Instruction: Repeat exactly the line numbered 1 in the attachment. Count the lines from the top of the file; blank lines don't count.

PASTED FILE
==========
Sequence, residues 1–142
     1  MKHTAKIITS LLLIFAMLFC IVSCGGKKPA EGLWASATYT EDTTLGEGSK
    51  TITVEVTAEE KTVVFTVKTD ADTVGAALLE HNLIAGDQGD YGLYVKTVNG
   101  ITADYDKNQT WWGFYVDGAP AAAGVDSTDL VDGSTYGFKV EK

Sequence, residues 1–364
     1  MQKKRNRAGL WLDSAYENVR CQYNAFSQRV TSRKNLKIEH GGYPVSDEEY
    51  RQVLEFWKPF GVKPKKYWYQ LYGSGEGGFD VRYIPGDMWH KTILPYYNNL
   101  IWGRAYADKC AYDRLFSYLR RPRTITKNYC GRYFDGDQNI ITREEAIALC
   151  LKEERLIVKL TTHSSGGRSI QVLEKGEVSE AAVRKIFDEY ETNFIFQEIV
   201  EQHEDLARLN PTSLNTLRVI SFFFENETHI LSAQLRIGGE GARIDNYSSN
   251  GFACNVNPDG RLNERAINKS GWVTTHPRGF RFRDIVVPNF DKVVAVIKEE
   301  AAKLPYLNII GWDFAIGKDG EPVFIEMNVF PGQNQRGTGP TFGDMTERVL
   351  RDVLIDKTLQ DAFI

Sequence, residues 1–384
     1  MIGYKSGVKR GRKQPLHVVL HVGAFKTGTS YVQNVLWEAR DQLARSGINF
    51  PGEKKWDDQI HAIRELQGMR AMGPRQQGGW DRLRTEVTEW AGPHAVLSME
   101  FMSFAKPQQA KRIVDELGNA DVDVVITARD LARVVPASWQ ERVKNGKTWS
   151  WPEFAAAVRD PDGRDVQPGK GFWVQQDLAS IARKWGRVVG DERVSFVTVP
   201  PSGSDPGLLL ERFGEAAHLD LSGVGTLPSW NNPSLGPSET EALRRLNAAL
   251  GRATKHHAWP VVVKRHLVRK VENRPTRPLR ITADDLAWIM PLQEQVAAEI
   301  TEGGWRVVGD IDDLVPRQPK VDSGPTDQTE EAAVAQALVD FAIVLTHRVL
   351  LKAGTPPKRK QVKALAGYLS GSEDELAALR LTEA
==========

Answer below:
Sequence, residues 1–142